Government

Joe Biden says he's ready for long campaign

In an interview, he makes the case for experience

Former Vice President Joe Biden takes a selfie with Sonia Elossaias of Cedar Rapids during a campaign event at Veterans Memorial Building in Cedar Rapids on Tuesday, April 30, 2019. Biden is making his first visit to Iowa after announcing his bid for the Democratic presidential nomination. (Liz Martin/The Gazette)
Former Vice President Joe Biden takes a selfie with Sonia Elossaias of Cedar Rapids during a campaign event at Veterans Memorial Building in Cedar Rapids on Tuesday, April 30, 2019. Biden is making his first visit to Iowa after announcing his bid for the Democratic presidential nomination. (Liz Martin/The Gazette)

CEDAR RAPIDS — Joe Biden is getting excited.

He is talking about his presidential campaign, and the 76-year-old former vice president is asked if he is ready for the ninth-month grind to the 2020 Iowa caucuses and beyond.

“I am ready. And quite frankly I’m excited about it. Because I tell you what,” he says. He leans forward, his pace slows and his voice softens. “For all the difficulty we have, we are so much better prepared than any nation in the world to own the 21st century, for Lord’s sake.”

On Tuesday, Biden was in Iowa for the first time since making his presidential campaign official late last week.

During an interview just before Tuesday’s rally in Cedar Rapids, Biden addressed the generation gap between him and some of the other Democrats also running, how he will make the case he is the Democrats’ best choice to take on President Donald Trump and how he could win back voters who strayed from the party in 2016.

Biden, who would turn 78 shortly after Election Day 2020, pledged he would not be outworked in the expansive Democratic primary; that he would “work like the devil” in Iowa to earn support in February’s presidential caucuses.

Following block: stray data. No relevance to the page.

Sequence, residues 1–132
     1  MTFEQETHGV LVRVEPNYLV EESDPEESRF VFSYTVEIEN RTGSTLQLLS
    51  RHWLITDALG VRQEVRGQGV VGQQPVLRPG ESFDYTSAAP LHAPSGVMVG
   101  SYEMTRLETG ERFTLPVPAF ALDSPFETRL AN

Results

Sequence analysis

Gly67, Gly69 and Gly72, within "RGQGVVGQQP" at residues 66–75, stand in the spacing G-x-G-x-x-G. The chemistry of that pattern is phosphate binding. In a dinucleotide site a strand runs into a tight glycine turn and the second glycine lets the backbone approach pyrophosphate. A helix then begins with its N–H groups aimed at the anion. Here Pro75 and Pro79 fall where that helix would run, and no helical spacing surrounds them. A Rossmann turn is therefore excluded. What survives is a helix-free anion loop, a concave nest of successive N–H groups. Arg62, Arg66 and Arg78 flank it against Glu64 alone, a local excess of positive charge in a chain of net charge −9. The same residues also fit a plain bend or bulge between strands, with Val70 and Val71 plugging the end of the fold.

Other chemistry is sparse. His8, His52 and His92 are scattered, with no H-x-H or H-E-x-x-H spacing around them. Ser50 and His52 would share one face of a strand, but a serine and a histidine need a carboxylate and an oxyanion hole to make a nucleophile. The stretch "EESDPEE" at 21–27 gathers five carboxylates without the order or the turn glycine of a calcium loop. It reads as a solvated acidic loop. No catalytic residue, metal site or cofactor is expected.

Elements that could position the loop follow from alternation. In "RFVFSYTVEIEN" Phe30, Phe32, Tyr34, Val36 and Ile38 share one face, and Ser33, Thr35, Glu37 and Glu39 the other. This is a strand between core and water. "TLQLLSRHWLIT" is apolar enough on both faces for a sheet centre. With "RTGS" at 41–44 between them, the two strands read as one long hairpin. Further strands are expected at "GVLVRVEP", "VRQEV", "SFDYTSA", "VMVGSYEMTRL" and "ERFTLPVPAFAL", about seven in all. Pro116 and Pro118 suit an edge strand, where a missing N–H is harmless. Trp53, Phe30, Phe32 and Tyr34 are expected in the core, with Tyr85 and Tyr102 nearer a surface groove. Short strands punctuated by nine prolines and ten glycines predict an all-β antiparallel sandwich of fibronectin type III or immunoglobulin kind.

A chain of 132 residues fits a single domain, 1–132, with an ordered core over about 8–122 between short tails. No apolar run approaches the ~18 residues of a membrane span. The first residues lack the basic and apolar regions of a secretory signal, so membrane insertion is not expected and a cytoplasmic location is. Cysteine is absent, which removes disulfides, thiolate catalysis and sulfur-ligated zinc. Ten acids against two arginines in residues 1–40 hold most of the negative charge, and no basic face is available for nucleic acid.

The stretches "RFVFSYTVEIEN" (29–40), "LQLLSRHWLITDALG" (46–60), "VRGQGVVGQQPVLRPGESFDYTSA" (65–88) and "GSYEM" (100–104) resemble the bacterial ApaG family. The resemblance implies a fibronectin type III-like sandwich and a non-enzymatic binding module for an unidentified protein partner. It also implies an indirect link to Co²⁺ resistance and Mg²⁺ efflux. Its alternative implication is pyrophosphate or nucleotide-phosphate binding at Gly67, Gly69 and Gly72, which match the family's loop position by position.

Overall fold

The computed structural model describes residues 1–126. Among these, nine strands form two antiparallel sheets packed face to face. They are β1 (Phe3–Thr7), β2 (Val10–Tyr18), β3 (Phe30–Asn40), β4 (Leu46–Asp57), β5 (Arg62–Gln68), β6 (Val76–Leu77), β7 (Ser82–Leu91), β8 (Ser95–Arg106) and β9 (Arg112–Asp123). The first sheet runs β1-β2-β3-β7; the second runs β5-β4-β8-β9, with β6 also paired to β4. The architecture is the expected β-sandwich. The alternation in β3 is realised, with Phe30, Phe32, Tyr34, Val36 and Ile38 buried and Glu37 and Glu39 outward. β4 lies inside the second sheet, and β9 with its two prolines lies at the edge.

Biden becomes the 21st candidate to announce in the Democratic primary race. The expansive field includes members of the silent and baby boomer generations, like Bernie Sanders and Elizabeth Warren, but also younger candidates like Pete Buttigieg and Beto O’Rourke.

Some Iowa Democrats have said they wonder whether Biden’s political time has passed, and that it may be time for the party to choose a younger standard-bearer or a fresh political face who could lead the party into the next generation, like Barack Obama in 2008.

Biden said he asks only that those people give him a chance.

“Look at me. Follow me. See what I say. See how I do,” Biden said.

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“I’m going to go out and make that case by demonstrating what I have done, what my experience has taught me,” he said. “All I can do is go out and make my case as to why I think that, at this moment, I’m the best prepared to deal with this. Everyone else is making their case as well, and we’ll see what the voters decide.”

While some Democrats question Biden’s age, others feel he presents the party’s best chance at defeating Trump in a general election.

Biden said he feels he always has connected with working-class Americans, and will be able to again in 2020.

Biden also said he thinks he can connect with voters who had supported the Obama-Biden tickets in 2008 and 2012 but in 2016 voted for Trump. There are many such voters in Iowa, which swung from a six-point victory for Obama in 2012 to a 10-point victory for Trump four years later.

And Democrats can reconnect with those voters without betraying their base, Biden said.

“I don’t think we have to choose between our heart and our soul,” Biden said. “The way it’s being phrased these days is that if you get support among those middle class folks, you’re somehow forsaking our progressive agenda on race and women. It’s just not true. We don’t have to give up anything.”

But Biden said Democrats need to show up in areas they lost voters in 2016 and listen to why allegiances changed.

“There’s an awful lot of people who think we’ve forgotten them, that we don’t listen to them. Half of what we do as elected officials is we’ve got to listen, at least acknowledge we understand what concerns them,” Biden said. “And I hope and I believe that a lot of those folks will listen, at least they have in the past, with me.”

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